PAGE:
Super5000 revises targets for 2019 introduction
The future of the proposed Super5000 series is expected to be known soon as organisers revise targets for a possible 2019 introduction.
Plans for a modern Formula 5000 single-seater category to support the Supercars Championship were revealed last year although progress in bringing the concept to reality has proved slow.
Discussions with the Confederation of Australian Motor Sport (CAMS) are ongoing with the latest talks concluding in April.
However, organisers are yet to decide on a technical package, which is providing one of the stumbling blocks.
It had been hoped that cars could be racing by late this year but a category spokesman has informed Speedcafe.com that next year is now the earliest that a series could hit race tracks in Australia.
Super5000 has already endured a difficult birth that began with two rival concept series and cars, beginning with Formula Thunder 5000, created by former racer Chris Lambden, before Supercars controversially revealed its plans and bespoke vehicle for Super5000 this time last year.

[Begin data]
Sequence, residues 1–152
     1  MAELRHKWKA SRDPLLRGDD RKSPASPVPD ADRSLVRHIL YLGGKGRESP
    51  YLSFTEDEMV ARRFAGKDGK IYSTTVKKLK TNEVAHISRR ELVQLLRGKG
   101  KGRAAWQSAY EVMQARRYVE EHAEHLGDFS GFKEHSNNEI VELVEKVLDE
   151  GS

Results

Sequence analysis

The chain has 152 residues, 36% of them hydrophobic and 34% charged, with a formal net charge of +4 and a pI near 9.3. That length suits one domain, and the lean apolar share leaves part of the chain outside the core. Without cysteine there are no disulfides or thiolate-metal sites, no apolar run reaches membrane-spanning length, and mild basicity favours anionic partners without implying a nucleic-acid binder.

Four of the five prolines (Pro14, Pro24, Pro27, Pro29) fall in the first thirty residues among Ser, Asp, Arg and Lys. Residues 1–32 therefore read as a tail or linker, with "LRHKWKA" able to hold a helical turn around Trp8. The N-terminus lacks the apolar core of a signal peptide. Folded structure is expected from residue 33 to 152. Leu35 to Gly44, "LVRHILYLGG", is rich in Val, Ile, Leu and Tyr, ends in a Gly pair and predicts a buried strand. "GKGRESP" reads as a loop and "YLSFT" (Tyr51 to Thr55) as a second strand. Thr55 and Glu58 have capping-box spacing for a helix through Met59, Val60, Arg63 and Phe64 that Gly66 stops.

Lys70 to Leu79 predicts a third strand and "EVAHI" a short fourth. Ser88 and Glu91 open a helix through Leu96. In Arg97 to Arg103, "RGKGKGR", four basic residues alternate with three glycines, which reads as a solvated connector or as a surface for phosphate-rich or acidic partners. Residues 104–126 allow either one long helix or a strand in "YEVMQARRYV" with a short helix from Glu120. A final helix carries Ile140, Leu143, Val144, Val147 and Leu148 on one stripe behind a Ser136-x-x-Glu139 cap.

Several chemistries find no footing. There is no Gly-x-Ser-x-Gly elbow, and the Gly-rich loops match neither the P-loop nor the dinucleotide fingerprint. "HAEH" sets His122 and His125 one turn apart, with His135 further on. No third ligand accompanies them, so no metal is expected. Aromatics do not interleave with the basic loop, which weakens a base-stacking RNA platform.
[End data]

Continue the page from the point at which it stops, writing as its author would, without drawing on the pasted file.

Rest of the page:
The two groups united in July last year to create Super5000 with Supercars retaining the management rights.
As part of the deal both parties agreed to evaluate the two Super5000 cars before concluding on a technical package.
Speedcafe.com understands the series is leaning towards the Formula Thunder 5000 car, which features a Coyote V8 powered Swift built carbon fibre chassis, instead of the retro looking original Super5000 car, designed by Oscar Fiorinotto.
Both cars conducted demonstration runs at Supercars meetings last year to help gauge interest in the category to see if there is an appetite for the championship to exist.
Alongside the technical package, decisions are also yet to be taken on category promotion before CAMS can administer a green light for the series.
Category chiefs however remain focused on introducing the category while confirming that competitor interest remains strong.
The only reported confirmed car sale came in September last year when Tickford Racing co-owner Rusty French handed over a $100,000 deposit for a car, which he had planned to run for now Super2 driver Thomas Randle.